All the actors in the livestock sector are mobilized towards this goal, including veterinarians, farmers, agricultural groups and research organizations. Thus, in order to reduce antibiotic consumption, animal epidemiologists have devoted a whole range of research to identifying the factors that influence antibiotic use [6,7,8]. Among these factors, Lhermie et al. [9] highlight two. The first factor is exogenous variables such as weather and the seasons; infectious respiratory disorders are more common in winter, for example [10]. The second factor concerns endogenous variables; this refers, in particular, to the characteristics of individual farms and the behaviors of individual farmers. Endogenous factors are easier to control than exogenous ones, as both livestock practices and farms’ structural and technical aspects can be modified, but this is not the case for weather and seasons. Consequently, researchers are focusing on endogenous factors in order to identify actions that could reduce antibiotic use. Among these actions, farmers can implement biosecurity measures (e.g., work clothing, entrance locks and forwards marching) that are aimed at reducing the risks of infectious diseases being spread within farms or transmitted into them. The application of these measures helps farmers to reduce disease occurrence and to maintain their animals’ health statuses. For example, Hemonic et al. [11] showed that there is a large variability in antibiotic use between farms, due in part to the varying quality of their biosecurity. This study’s results indicate that antibiotic consumption is significantly lower on farms that have a good level of external biosecurity. Similar evidence is also reported in the literature regarding the positive role of improved biosecurity on antibiotic use [12,13,14]. The structural aspects of farms are also determinants of antibiotic use [15]. For example, overcrowding in livestock buildings and batch mixing are both associated with significant antibiotic use [16]. In terms of the animals’ housing conditions, buildings with ventilation and temperature management allow farmers to limit the occurrence of bacterial and viral diseases [17]. On the other hand, in recent years, European projects such as EFFORT or MINAPIG, have evaluated and identified agricultural strategies to reduce antimicrobial use while ensuring pig health and welfare and providing sustainable solutions for farmers. The resulting research has demonstrated, for example, that reduction is possible without compromising the technical and economic performance of farms [18,19].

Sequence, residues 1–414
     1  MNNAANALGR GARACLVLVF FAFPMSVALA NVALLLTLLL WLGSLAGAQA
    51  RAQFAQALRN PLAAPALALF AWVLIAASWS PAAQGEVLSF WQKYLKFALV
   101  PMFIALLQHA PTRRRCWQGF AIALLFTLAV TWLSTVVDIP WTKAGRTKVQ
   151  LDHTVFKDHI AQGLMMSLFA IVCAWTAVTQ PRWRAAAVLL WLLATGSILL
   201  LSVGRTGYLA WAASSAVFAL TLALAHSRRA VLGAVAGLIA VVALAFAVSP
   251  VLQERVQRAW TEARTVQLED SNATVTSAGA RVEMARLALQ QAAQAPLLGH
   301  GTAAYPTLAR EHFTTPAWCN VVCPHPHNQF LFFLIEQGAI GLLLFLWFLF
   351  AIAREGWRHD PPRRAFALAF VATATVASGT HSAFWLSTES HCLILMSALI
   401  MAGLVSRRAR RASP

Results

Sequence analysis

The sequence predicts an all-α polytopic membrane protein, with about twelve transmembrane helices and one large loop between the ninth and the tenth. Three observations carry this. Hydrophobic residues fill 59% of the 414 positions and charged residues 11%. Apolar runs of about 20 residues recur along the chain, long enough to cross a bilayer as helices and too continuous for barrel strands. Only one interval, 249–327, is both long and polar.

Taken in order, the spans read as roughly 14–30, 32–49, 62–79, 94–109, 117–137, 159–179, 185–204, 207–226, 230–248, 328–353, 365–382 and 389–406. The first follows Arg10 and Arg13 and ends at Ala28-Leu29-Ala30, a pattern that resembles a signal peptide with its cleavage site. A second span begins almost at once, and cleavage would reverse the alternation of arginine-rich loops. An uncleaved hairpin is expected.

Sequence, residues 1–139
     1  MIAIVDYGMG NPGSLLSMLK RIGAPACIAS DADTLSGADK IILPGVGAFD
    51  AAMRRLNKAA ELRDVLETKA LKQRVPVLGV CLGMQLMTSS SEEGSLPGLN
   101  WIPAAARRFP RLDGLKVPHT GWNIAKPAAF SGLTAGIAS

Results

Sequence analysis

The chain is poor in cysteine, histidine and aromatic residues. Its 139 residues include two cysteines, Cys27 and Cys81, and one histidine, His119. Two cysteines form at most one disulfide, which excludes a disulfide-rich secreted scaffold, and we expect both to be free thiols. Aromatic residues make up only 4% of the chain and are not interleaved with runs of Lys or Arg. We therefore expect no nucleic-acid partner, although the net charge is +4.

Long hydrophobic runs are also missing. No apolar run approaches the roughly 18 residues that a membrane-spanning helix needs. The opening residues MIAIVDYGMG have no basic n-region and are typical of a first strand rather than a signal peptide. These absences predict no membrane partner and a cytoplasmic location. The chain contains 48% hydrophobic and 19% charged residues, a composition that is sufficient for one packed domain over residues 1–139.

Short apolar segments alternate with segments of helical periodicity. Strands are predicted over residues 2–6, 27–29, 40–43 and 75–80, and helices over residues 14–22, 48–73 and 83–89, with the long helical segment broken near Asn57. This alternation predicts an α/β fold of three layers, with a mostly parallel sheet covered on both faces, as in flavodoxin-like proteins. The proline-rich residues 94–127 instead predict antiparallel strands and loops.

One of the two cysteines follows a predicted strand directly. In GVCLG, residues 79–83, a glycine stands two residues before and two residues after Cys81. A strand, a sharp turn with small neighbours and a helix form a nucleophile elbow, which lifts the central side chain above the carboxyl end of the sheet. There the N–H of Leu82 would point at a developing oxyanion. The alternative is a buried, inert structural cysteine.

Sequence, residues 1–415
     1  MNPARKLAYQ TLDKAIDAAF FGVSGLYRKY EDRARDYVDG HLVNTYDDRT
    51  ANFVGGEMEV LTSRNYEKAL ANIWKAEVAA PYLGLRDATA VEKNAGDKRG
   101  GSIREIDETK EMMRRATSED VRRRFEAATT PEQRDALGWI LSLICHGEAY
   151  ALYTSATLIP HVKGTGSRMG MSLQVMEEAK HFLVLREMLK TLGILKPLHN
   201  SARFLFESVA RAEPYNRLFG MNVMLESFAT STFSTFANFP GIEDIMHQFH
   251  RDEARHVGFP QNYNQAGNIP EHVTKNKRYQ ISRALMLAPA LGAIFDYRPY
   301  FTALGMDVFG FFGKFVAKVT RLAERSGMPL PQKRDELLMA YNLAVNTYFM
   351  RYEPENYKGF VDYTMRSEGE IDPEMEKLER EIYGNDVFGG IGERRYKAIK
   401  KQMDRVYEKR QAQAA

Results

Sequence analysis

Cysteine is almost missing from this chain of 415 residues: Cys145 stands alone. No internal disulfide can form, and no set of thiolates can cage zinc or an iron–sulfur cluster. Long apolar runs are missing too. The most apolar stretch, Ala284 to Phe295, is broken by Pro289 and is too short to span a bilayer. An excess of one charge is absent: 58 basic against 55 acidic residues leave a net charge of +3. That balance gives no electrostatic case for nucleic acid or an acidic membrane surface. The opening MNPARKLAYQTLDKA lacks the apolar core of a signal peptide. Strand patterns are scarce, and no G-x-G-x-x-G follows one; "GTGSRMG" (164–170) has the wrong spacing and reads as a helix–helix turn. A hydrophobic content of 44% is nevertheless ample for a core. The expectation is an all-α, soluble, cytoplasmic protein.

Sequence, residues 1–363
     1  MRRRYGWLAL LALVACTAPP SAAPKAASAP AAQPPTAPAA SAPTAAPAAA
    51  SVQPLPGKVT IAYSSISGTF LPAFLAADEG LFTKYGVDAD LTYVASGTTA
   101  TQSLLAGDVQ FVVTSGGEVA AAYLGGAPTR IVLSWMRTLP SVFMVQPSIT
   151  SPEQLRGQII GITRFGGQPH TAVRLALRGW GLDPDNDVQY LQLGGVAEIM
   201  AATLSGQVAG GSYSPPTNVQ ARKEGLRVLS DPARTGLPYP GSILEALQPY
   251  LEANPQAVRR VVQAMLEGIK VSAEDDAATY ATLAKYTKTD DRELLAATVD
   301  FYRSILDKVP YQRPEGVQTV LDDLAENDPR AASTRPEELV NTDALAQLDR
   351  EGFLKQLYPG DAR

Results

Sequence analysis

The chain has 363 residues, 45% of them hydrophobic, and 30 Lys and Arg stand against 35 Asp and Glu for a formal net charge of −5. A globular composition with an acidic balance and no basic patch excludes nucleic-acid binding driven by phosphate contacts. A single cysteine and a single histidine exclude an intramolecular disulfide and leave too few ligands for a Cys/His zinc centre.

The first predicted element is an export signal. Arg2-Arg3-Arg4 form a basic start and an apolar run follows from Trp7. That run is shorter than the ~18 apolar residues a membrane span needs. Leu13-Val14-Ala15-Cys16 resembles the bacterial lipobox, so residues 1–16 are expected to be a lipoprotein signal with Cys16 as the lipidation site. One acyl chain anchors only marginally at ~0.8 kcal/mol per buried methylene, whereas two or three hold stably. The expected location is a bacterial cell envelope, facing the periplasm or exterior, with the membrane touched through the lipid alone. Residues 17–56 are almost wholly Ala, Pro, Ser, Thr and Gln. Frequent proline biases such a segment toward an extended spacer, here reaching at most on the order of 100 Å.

These studies are examples of researchers’ growing interest in identifying and overcoming the obstacles to reducing antibiotic use. However, Chauvin et al. [20] showed that the factors that are traditionally used in animal epidemiology explain only 50% of the variability in antibiotic use by farmers. Hémonic et al. [21] also showed that these characteristics cannot fully explain the concentration in antibiotic-use rates, with 50% of the treatments administered in only 25% of the farms. Considering these results and the still-high rate of antibiotic consumption in the pig-farming industry, Hémonic et al. underlined the need for researchers to diversify their angles of approach so as to better understand and implement the demedication process (e.g., through improved communication and support for farmers).